Below is the text version for the video, Technical Assistance: Integrated Systems. In the video, Jennifer Daw of the National Renewable Energy Laboratory discusses the integration of energy, water, food, and land systems as part of the technical assistance offered through the U.S. Department of Energy’s Energy Transitions Initiative Partnership Project (ETIPP).

Text Version

[Music plays, title screen shows “Energy Transitions Initiative, U.S. Department of Energy: Partnership Project, Technical Assistance”]

[Woman with glasses speaking]

Hi, everyone. My name is Jennifer Daw, and I'm a senior researcher at the National Renewable Energy Laboratory. The focus of my work is on the integration of energy, water, food, and land systems. I have a background in water engineering. And you might ask yourself, "What is a water engineer doing at an energy lab?" which is an excellent question. Before coming to NREL, I worked for 10 years in the water and wastewater sector, and I was focused on civil engineering projects like drinking water pipelines and water treatment systems. What frustrated me about that work is that I felt we were missing the big picture by just repairing and replacing what was existing, and not thinking through more innovative solutions. And so that grew my interest in that concept of sustainability.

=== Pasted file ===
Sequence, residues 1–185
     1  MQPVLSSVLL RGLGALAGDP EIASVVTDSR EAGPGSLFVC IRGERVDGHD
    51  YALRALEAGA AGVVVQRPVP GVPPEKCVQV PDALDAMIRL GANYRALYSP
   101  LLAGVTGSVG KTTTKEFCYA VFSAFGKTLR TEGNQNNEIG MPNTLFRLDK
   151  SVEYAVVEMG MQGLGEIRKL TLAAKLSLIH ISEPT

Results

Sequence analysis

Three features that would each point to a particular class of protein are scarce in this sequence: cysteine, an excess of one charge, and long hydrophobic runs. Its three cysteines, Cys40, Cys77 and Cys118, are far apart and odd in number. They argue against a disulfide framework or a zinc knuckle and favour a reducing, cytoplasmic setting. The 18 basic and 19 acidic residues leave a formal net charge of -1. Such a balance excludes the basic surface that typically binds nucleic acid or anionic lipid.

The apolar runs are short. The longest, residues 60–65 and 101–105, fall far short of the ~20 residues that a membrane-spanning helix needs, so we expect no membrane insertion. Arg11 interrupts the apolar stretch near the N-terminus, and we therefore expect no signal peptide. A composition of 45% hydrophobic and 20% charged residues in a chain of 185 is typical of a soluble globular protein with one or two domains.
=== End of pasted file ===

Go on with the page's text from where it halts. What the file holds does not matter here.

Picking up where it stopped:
Sustainability is development that meets the needs of current generations without creating adverse impacts on future generations. Sustainability is often characterized by environmental, social, and financial considerations. A natural extension of this is the concept of the energy-water-food or –land nexus.

[Graphic title “The Energy-Water-Food Nexus is Central to Resilience” The graphic has three circles: “Energy,” “Water,” and “Food,” with arrows between each circle.]

This is an emerging area that reflects the need for sufficient and secure energy, water, food, and land supplies to meet both our current and our future needs.

[Video returns to woman speaking]

Demands on these resources are becoming increasingly interdependent such as trends such as population growth, climate change impacts, urbanization, as well as changes to development patterns. Development choices we make can affect all three of these systems, energy, water, food, and land. And traditionally these systems work in silos. The nexus emphasizes cross-sectorial solutions where we look for synergies and co-benefits across these systems by viewing problems more holistically and considering their impacts on social, environmental, and economic factors.